(TNS) - The next generation of volunteer firefighters busted open a door at the Richland Township fire station during a recent training session.
A group of junior firefighters from Richland and Adams townships worked with adult volunteers.
“We’re training today in forcible entry techniques on doors using hand tools,” said truck Capt. Christopher Meyers. He is the son of Richland fire Chief Wes Meyers.
“If there is a fire in a building or a water line break in a house and the doors are locked and there’s no one home, we may have to break a door to save a life or save property,” Christopher Meyers said. “The training never stops.”
Nathan Askey, 15, and Tyler Guizio, 17, are junior members of the Richland Fire Department.
They are part of the Firefighting Explorer Program. The fire department and the Boy Scouts of America have sponsored the program for more than a decade.
The junior program is open to boys and girls ages 14 to 17. Training classes are offered weekly from January to June, Chief Meyers said.
The training can be intense, said Tyler Guizio, the son of veteran firefighter Christopher Guizio.
“We learn search-and-rescue techniques and responsibilities at a fire scene,” he said. “It teaches you responsibility because you have to show up for training to get the proper knowledge. When you get on a fire scene, you never know what’s going to happen.”
Not all juniors have relatives in the fire service.
Nathan Askey said he became a junior firefighter after watching a television show.
“Honestly, I was watching ‘Chicago Fire,’ “ he said. “I decided to come up here and tour the station. I talked to the people and signed up.
“I’m getting experience instead of just sitting at home.”
Chief Meyers is impressed with Nathan’s commitment.
“Nathan came in by himself,” he said. “For someone to walk in off the street and say, ‘I want to be a firefighter,’ that’s fantastic.”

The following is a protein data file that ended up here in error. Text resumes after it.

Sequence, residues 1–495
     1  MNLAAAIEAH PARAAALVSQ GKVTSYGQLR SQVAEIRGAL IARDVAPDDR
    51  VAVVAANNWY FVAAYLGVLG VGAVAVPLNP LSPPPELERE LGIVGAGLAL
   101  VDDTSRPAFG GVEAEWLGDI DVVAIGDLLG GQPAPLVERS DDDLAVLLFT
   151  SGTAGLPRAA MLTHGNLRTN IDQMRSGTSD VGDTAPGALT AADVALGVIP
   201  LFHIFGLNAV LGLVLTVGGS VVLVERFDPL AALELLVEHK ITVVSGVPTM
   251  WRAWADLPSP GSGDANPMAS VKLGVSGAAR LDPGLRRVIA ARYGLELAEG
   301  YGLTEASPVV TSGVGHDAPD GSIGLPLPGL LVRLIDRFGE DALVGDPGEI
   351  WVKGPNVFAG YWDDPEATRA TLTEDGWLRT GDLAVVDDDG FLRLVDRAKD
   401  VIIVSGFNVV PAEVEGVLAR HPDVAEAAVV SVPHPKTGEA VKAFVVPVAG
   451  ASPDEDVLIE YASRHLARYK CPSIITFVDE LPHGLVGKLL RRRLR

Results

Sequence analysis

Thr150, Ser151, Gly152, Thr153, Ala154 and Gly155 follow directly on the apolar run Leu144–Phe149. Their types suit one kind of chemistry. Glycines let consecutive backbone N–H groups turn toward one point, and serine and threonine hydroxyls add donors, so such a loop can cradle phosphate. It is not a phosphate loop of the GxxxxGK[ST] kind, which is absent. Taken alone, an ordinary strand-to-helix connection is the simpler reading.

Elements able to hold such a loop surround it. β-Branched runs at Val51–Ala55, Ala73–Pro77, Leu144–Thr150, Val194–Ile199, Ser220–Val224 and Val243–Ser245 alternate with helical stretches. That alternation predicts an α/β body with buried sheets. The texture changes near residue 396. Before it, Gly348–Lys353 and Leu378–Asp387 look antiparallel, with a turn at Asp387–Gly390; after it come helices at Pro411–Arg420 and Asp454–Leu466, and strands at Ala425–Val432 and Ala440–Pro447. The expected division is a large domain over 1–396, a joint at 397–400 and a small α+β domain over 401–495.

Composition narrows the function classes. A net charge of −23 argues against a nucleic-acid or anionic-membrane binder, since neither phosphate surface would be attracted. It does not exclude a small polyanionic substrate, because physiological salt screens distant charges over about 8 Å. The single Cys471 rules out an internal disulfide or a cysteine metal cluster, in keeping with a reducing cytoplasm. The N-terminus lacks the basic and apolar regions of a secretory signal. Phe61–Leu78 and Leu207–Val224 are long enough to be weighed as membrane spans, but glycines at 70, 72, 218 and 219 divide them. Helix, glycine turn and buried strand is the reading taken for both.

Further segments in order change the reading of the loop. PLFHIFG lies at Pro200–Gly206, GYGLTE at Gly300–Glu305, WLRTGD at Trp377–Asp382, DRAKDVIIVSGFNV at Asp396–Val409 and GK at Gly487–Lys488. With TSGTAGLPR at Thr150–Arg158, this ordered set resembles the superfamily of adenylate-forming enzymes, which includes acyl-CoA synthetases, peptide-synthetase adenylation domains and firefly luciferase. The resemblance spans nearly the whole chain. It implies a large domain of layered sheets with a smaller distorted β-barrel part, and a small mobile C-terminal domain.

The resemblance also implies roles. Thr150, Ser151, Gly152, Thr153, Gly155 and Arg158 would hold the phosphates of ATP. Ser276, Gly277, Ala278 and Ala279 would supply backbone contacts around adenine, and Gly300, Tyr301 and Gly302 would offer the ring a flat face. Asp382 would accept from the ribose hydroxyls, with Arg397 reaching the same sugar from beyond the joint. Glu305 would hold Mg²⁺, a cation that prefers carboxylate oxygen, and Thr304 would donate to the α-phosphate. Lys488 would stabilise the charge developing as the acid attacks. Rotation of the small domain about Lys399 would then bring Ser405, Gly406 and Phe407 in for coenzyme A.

The junior members follow strict guidelines. They can support the firefighters at a fire scene but their duties are limited. Junior members also have responsibilities that go beyond the fire station.
“Our explorer program is no different than any sports program at school,” Chief Meyers said. “If your grades are suffering, you can’t come to the fire station. It’s school first and the fire service second.”
Christopher Meyers said the adult members are always willing to work with the juniors.
“I’ve helped so many kids with math homework,” he said. “We’re like a second family to a lot of these kids.”
Young people grow up quick in the fire service, Christopher Meyers said.
“It makes the kids more mature,” he said. “There are a lot of 16-year-olds here who are more mature than some 25-year-olds I know.”
Fire companies try to recruit youth members who also bring in their friends. They train together, work together – and when adult members retire, the next generation is ready to step in.
St. Michael fire Chief Paul Kundrod looked on as six of his junior members went through drills.
“We’re in a good cycle right now,” Kundrod said. “When you have a group of kids join together and train together, it works out well.”
Chief Meyers said the junior members learn and work their way up through the ranks.
“The biggest issue is getting them to learn everything we have – trucks, rescue vehicles and engines,” he said. “But if you get them when they are young, they absorb more than we do at our age.”
Tye Porada, 20, knows the program well.
A fourth-generation firefighter, Porada said he grew up through the ranks after beginning in the junior program when he was 14. Now he is a live-in member at the Richland station, and hopes to land a paid position in the eastern part of the state or in Maryland.
“I absolutely love it,” he said. “You do everything from rescuing ducks out of sewers to pulling a guy out of a burning house. People’s lives are at stake.”
Patrick Buchnowski is a reporter for The Tribune-Democrat. He can be reached at 532-5061. Follow him on Twitter @PatBuchnowskiTD.
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